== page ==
You know that friend who sees rancor within her own political party and welps, "Come on guys, let's all come together! Aren't we all Democrats
Yeah, that's how I feel sometimes about cities. Or, more specifically, city people. Aren't we all part of the same urban family? If not, can we be? Please?
Sadly, I was not born in a city. (One has such little control over these things, you know?) The stork delivered me to a small sleepy country town, where I just saw two worlds -- urban and non-urban. From the moment I could form my own opinions, I knew I wanted to live in that urban one.
To me, the city was everything. It was culture and commerce, skyscrapers and stoops, museums and markets. It was all the romantic stuff -- the Left Bank in Paris, and the Harlem Renaissance in New York, Stonewall and Haight-Ashbury. It was bohemians and cosmopolitans, avant-garde and counter-culture, and every Martin Scorsese and Spike Lee joint I could get my hands on.
I couldn't get there, to a city, fast enough.
Two decades later, the initial romance has aged into something more complex and nuanced, but I feel more fiercely urban than ever. And I want my fellow city people, wherever they live, to feel this kinship, too. We are a "big tent" national party with a multitude of ZIP codes and local distinctions, yet bound together by a shared set of values. We say YES to diversity and shared public amenity, and NO to segregation and sprawl.
"The point of cities is multiplicity of choice," Jane Jacobs
once wrote in what is probably the best definition of "urban" I've ever come across. It's not just a place, it's a mindset. It's an openness to different people and perspectives and histories and cultures. It's a sense of curiosity and mutuality.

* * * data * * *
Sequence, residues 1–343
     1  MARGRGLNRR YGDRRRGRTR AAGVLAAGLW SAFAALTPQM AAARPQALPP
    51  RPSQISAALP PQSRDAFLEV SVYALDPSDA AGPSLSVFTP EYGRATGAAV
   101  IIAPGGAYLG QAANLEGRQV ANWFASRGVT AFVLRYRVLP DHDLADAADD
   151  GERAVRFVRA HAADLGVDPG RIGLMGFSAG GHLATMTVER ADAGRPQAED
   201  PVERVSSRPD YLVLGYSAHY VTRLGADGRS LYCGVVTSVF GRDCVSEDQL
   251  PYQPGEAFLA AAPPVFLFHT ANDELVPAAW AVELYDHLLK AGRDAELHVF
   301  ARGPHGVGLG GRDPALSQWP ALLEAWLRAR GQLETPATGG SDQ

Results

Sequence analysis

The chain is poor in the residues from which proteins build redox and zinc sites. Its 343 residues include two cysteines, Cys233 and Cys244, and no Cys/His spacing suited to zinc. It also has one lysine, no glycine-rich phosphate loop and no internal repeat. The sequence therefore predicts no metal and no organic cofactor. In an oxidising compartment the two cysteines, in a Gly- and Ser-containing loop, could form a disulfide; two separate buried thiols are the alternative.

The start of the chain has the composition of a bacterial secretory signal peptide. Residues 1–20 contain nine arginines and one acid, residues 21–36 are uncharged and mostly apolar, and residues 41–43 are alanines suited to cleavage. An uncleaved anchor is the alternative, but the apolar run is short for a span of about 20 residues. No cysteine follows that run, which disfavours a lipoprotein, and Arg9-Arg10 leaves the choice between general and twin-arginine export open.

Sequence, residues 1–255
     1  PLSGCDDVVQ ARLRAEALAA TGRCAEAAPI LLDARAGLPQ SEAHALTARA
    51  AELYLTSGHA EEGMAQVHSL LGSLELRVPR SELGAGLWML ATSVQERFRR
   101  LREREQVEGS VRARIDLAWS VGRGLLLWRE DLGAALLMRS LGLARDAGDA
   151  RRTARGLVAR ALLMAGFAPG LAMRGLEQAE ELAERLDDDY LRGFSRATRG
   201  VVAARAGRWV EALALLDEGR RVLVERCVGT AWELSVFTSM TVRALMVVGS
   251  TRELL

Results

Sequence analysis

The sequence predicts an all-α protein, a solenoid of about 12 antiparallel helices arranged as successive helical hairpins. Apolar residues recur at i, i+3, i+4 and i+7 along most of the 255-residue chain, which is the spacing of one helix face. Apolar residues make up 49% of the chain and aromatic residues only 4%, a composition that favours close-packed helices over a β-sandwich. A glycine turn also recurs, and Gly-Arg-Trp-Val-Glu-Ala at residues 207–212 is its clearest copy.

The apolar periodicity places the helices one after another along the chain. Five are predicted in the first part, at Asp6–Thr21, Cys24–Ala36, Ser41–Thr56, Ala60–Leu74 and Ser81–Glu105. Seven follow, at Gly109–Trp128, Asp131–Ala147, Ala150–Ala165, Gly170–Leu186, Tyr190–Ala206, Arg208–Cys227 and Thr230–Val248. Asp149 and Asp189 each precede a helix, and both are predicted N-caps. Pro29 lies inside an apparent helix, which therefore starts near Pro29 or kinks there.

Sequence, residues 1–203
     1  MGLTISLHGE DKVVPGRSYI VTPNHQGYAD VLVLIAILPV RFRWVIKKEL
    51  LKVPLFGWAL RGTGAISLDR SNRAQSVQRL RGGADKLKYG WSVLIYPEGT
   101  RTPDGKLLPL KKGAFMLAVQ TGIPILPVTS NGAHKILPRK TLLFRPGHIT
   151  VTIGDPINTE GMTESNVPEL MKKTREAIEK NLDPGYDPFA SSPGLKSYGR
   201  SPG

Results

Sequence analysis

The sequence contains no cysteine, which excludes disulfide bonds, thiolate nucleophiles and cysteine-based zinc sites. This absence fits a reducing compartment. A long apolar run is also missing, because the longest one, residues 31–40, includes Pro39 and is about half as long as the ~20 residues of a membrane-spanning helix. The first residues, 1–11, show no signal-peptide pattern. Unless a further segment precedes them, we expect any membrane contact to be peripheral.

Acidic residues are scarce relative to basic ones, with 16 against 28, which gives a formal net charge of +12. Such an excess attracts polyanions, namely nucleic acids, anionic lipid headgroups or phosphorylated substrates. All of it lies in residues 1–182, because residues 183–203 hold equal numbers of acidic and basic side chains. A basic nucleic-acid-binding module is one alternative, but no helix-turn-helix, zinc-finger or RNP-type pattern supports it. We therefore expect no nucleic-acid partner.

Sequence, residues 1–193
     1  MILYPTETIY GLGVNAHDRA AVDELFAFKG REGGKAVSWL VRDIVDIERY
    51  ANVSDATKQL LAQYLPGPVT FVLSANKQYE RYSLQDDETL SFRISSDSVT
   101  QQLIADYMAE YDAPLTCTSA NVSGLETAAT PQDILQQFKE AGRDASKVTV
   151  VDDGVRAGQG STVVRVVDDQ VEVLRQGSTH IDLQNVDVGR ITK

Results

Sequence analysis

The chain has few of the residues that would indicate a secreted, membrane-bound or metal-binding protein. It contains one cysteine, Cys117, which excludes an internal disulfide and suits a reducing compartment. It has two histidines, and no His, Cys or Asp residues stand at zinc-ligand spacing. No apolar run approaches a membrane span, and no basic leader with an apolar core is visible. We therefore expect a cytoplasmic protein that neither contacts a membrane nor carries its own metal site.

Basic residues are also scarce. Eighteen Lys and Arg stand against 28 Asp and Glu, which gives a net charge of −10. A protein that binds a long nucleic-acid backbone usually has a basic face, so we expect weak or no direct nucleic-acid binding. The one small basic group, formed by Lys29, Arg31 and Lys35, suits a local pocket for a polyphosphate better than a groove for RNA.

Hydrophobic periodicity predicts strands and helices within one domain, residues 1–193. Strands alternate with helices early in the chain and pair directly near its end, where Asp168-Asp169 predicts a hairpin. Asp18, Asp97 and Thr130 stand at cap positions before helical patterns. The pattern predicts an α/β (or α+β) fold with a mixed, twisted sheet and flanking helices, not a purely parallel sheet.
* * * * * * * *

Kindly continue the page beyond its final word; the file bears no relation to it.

When we're doing this right, the city is also a conversation -- an ongoing, never-ending exchange about who we are as a people, and who we want to be.
That's the conversation we look forward to hosting at the Urban Consulate
, a new experiment launching this spring in three great American cities: Detroit, Philadelphia, and New Orleans.
The fundamental premise here is that we urban folk are more alike than we are different, and might benefit from listening and learning more from one another. Together, we can share the best ideas shaping urban life in the 21st century, and ask the hard questions about how to do better -- all in a relaxed and convivial setting, away from the pressures of productivity and outcomes.
Won't you join us
? Our first space opens April 1 in Detroit, in the parlor of a historic house (also occupied by this very publication) located in the heart of the Cass Corridor. The same day in Philadelphia, we will kick-off City Lobby, a series of pop-up parlors for urban exchange, making its way to New Orleans in May.
Whether you're religiously urban, or even just "urban curious," we invite you to come join one of our gatherings. As Bob Hicok wrote in his beautiful poem, "A Primer"
"Let us all be from somewhere. Let us tell each other everything we can."
Claire Nelson is founder of Urban Consulate, a new network for city dwellers and travelers seeking cross-city exchange. Winner of the 2015 Knight Cities Challenge, Nelson is also director of Urban Innovation Exchange and past publisher of Model D. She splits time between Detroit and New Orleans, made possible only by cheap plane tickets and the guest bedrooms of generous friends.
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